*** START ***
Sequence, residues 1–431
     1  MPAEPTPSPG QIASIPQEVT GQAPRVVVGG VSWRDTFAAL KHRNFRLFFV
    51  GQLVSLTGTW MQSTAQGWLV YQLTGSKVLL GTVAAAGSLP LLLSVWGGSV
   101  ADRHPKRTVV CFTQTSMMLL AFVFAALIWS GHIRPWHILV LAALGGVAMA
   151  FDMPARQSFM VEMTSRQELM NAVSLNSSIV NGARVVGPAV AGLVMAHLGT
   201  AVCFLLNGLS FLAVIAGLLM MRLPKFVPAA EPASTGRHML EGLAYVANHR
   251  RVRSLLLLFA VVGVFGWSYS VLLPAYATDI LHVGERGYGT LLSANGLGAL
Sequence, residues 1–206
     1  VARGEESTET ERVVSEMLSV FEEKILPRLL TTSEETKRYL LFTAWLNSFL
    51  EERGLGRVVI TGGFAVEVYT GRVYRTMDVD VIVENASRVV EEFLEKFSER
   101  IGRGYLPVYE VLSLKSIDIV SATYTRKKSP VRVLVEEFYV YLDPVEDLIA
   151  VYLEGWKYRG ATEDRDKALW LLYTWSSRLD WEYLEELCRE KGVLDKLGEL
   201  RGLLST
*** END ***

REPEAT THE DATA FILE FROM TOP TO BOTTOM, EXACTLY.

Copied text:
Sequence, residues 1–431
     1  MPAEPTPSPG QIASIPQEVT GQAPRVVVGG VSWRDTFAAL KHRNFRLFFV
    51  GQLVSLTGTW MQSTAQGWLV YQLTGSKVLL GTVAAAGSLP LLLSVWGGSV
   101  ADRHPKRTVV CFTQTSMMLL AFVFAALIWS GHIRPWHILV LAALGGVAMA
   151  FDMPARQSFM VEMTSRQELM NAVSLNSSIV NGARVVGPAV AGLVMAHLGT
   201  AVCFLLNGLS FLAVIAGLLM MRLPKFVPAA EPASTGRHML EGLAYVANHR
   251  RVRSLLLLFA VVGVFGWSYS VLLPAYATDI LHVGERGYGT LLSANGLGAL
Sequence, residues 1–206
     1  VARGEESTET ERVVSEMLSV FEEKILPRLL TTSEETKRYL LFTAWLNSFL
    51  EERGLGRVVI TGGFAVEVYT GRVYRTMDVD VIVENASRVV EEFLEKFSER
   101  IGRGYLPVYE VLSLKSIDIV SATYTRKKSP VRVLVEEFYV YLDPVEDLIA
   151  VYLEGWKYRG ATEDRDKALW LLYTWSSRLD WEYLEELCRE KGVLDKLGEL
   201  RGLLST